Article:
Siinviidatud vabalevis olev tekst on ühtaegu hariv ja rõõmu pakkuv (selline side on vist loogiline-oodatud). Filosoofid juhtimiskursusel võib olla harjumatu paljudele, kuid tekst tasub ette võtta ja rahulikult liikuda. Kiirustada ei ole hea idee, sest mõttekäigud on sisukad ja vajavad mõtestamiseks aega just neil, kel filosoofiettevalmistus tagasihoidlik.
Juured ja juurekesed:
“In the Western tradition, efforts to ensure rigorous, systematic approaches to leadership development (LD) can be traced back at least as far as ancient Greece (Russell, 1984; Wilson, 2016). Historians disprove assumptions that research and theorizing about leadership and its development are recent phenomenon (Day et al., 2014).” (Wilson et al., 2022, p. 472)
Klient – õppija (juht, organisatsioon) – soovib lihtsaid lahendusi ja õigeid vastuseid.
“Gurdjian, Halbeisen and Lane (2014, no page number) argue the common reliance on participant feedback to evaluate LDPs creates the risk that ‘trainers learn to game the system and deliver a syllabus that is more pleasing than challenging to participants’.” (Wilson et al., 2022, p. 472)
Siinne tsitaat võiks paljudele huvi pakkuda:
“This paper focuses on the 360-degree psychometric instruments that are common features of LDPs. Again, precise figures are lacking, however at the end of the 20th Century ‘perhaps millions’ had undergone such assessments (Atwater and Waldman, 1998) and their use amongst Fortune 500 companies was estimated to be ‘nearly universal’ (Wareech et al., 1998).” (Wilson et al., 2022, p. 473)
360 kraadi hindamine – märksõnad:
“360-degree instruments involve participants and selected colleagues (bosses, peers and ‘direct reports’) rating the participant against a series of statements, with results typically reported in aggregated form. However, because peers, direct reports and managers likely have varying expectations about what constitutes effective leadership a concerning degree of subjectivity is embedded into these tools (Hooijberg and Choi, 2000). (Wilson et al., 2022, p. 473) […] Given this, it is not surprising that the credibility of the ratings is questionable (Markham et al., 2015). Moreover, with such small samples, typically between six and 15 raters, drawing major conclusions from quantitative data seems inherently risky. Unsurprisingly, ratees’ willingness to accept feedback as valid is linked to how positive it is, with more negative feedback garnering less acceptance (Facteau et al., 1998).” (Wilson et al., 2022, p. 473)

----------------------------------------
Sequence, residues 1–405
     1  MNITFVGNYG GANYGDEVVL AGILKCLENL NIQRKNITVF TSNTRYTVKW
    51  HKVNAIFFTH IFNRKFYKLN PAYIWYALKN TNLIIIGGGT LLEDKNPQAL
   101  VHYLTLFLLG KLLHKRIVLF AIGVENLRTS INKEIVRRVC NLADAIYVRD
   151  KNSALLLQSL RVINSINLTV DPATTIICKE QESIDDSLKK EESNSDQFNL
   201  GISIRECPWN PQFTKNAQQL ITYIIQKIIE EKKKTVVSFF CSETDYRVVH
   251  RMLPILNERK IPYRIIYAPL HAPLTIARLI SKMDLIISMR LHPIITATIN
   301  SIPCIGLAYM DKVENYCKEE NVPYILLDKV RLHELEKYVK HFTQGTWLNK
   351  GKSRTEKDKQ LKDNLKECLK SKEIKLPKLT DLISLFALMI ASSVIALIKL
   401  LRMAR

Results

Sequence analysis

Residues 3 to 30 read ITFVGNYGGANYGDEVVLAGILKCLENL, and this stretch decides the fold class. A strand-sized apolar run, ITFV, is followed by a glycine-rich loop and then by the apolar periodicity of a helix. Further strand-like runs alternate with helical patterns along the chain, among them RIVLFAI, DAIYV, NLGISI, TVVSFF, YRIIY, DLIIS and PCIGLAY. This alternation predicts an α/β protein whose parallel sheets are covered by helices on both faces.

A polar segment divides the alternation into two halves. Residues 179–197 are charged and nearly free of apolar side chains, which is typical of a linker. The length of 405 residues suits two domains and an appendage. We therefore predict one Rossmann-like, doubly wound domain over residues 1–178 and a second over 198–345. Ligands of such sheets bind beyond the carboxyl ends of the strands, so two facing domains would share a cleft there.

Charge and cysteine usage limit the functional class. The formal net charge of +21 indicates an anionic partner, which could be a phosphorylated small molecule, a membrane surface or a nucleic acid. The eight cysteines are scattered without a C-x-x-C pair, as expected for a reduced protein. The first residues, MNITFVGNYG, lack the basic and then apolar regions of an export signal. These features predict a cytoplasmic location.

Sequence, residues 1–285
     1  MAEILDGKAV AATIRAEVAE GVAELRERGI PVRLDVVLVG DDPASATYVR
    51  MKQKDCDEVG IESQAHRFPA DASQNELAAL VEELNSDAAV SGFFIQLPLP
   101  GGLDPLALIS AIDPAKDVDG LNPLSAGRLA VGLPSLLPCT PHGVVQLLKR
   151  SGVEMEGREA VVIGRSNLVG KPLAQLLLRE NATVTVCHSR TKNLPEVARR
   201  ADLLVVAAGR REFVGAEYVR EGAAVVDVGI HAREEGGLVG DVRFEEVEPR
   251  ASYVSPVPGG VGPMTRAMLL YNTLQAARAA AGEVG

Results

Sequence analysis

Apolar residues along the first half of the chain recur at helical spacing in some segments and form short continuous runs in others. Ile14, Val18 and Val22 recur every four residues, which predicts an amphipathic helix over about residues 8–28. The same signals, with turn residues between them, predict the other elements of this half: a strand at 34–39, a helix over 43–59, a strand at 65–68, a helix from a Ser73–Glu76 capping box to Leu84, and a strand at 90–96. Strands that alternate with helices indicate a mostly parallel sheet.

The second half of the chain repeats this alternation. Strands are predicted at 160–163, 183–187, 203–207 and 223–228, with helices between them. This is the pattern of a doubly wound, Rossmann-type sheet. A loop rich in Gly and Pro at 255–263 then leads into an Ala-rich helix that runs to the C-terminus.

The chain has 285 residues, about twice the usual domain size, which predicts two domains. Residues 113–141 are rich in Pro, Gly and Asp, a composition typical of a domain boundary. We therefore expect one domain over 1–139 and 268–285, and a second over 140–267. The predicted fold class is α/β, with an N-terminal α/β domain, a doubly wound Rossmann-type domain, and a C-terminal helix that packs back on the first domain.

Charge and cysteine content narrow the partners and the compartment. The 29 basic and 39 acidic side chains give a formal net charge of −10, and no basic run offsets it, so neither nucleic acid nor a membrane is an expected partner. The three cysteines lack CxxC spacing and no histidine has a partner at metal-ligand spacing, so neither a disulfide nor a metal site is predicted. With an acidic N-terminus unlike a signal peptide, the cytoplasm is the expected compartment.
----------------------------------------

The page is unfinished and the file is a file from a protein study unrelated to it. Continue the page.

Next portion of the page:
“Our approach is pragmatic: we cannot eliminate LDPs but we can seek to unsettle them through using the skills we, as academics, valorize, that is, encouragement of more critical thought and the development of skills of deep analysis and questioning. We conclude by asking colleagues involved in LDPs to join with us in bringing philosophy into these programmes so that they conform more closely to the ideal of a university education.” (Wilson et al., 2022, p. 489)
Wilson, S., Lee, H., Ford, J., & Harding, N. (2022). If philosophers went on a leadership course: A (serious) farce in three Acts. Leadership, 18(4), 471–497. https://doi.org/10.1177/17427150221083428